The college men who invented American football in the decades after the Civil War approached the game with the same imaginative spirit that drove American capitalism in that era. When their invention did not work, they simply reinvented it -- until they developed something thrilling to players and fans alike.
Even the dullness of the 1881 Princeton-Yale game was driven by an irrepressible inventiveness.
The rules and precedents of that year gave Princeton an incentive to develop a game plan for a scoreless tie -- and they executed it with mind-numbing brilliance.
How did such an incentive arise?
Games containing the essential elements of football have existed since ancient Greece. But written rules for such games are relatively new in the English-speaking world. It was only in 1871 that the Rugby Football Union drafted its initial rules at a London restaurant.
Two years before that, when Princeton and Rutgers competed in the first-ever home-and-home intercollegiate football series, each game was played by the home school's rules. Both were more like soccer than either rugby or American football.
After watching Harvard play rugby against Canada's McGill in 1874, players at Princeton and Yale decided it was a better game. As recounted by early football historian Parke H. Davis (a former Princeton player and Lafayette and Wisconsin coach), two Princeton players invited counterparts from Harvard, Yale and Columbia to meet in Springfield, Mass., on Nov. 26, 1876, to form an "Intercollegiate Football Association" and adopt a uniform set of rugby-style rules.
Yale objected to two of the rules adopted: one allowing teams to field 15 players (as opposed to the 11 Yale wanted); another that included touchdowns as part of a complicated scoring system (Yale wanted only kicked goals counted).
As related by the late Delaware football coach David Nelson in "Anatomy of a Game," Yale player Walter Camp attended the 1878 IFA meeting, calling for a reduction to 11 players. He was ignored. Princeton defeated Yale that year and took the national title.Camp attended the IFA meeting in 1879, again calling 11-player teams and also for safeties to count in the scoring. At the time, a team making a safety lost no points and got to retain possession at its own 25 yard line. Camp's proposals were rejected again. That year Yale tied Princeton 0 to 0, while Yale only took two (unscored) safeties to Princeton's five.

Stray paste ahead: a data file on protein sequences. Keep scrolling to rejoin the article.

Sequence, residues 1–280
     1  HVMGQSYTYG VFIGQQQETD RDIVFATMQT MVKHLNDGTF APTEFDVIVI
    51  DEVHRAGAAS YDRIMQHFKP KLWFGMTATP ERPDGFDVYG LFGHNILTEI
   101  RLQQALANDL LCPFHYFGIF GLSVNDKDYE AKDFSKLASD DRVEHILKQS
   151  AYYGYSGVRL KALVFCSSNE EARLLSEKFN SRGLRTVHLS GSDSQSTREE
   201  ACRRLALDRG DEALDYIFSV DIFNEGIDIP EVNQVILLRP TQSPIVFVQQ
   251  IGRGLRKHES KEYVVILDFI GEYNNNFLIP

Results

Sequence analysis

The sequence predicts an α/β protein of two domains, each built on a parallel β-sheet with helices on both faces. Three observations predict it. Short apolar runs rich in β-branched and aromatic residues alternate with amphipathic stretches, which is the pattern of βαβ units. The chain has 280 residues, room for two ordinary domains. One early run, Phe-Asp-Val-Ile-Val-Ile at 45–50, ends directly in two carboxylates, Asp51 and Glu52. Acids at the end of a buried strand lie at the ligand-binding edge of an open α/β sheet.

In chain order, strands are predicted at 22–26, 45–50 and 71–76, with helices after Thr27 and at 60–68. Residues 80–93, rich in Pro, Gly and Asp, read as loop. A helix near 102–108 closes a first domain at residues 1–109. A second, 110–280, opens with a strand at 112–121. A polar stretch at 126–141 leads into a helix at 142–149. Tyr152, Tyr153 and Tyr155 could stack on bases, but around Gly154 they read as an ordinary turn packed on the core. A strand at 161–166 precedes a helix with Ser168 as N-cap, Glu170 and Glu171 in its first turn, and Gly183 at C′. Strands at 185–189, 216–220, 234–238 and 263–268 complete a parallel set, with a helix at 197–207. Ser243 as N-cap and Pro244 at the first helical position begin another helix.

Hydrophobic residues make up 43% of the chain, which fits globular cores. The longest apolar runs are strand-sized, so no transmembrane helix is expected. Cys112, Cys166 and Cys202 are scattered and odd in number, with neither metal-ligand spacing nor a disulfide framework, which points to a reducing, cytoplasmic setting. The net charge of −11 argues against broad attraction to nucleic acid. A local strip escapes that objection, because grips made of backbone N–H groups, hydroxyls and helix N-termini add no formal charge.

The IFA gave Princeton the title -- carrying over its 1878 championship.
Camp again attended the 1880 IFA meeting. This time, he won two rule changes. Teams were restricted to 11 players. More fundamentally, one team at a time would now be given undisputed possession of the ball, which they could put in play be snapping it back -- by foot -- from a scrimmage line. American football left rugby behind.
"This is the device which introduced into our game the principle of an orderly retention of the ball by one side, thereby making possible the use of prearranged strategy, the most distinctive and fascinating characteristic of the American game," wrote Parke Davis.
Yet there was no limit to the number of downs a team could keep the ball, so long as it did not fumble or kick downfield.
In the second half of that year's Princeton-Yale game, with the score tied 0 to 0, Princeton held the ball to run out the clock. In the process, the Tigers took 11 unscored safeties. Princeton then claimed it had retained a national title it had not won on the field for two years. Yale claimed the title for itself.
The 1881 IFA meeting adopted a rule to give negative value to safeties in a game tied after two overtimes: "If the game still remains in a tie, the side which makes four or more safeties less than their opponents shall win the game."
Princeton again claimed the title based on 1878. Yale counterclaimed, pointing out it had played a superior game against Harvard that very year -- when Harvard scored four safeties to Yale's none. The title went to Yale.
After the 1881 Princeton-Yale debacle, some argued that the American colleges should give up their unique rules and simply conform to the British rugby game.
American college players would have none of it. As Coach Nelson reported in "Anatomy of a Game," Camp again attended the rules meeting in Springfield, Mass., on Oct/ 12, 1882. This time he proposed the concept now known as a first down -- only as originally approved a team needed to get five yards in three downs to retain possession of the ball. The rule was accepted.
A new game was born -- wholly American and unmatched by any other in the world.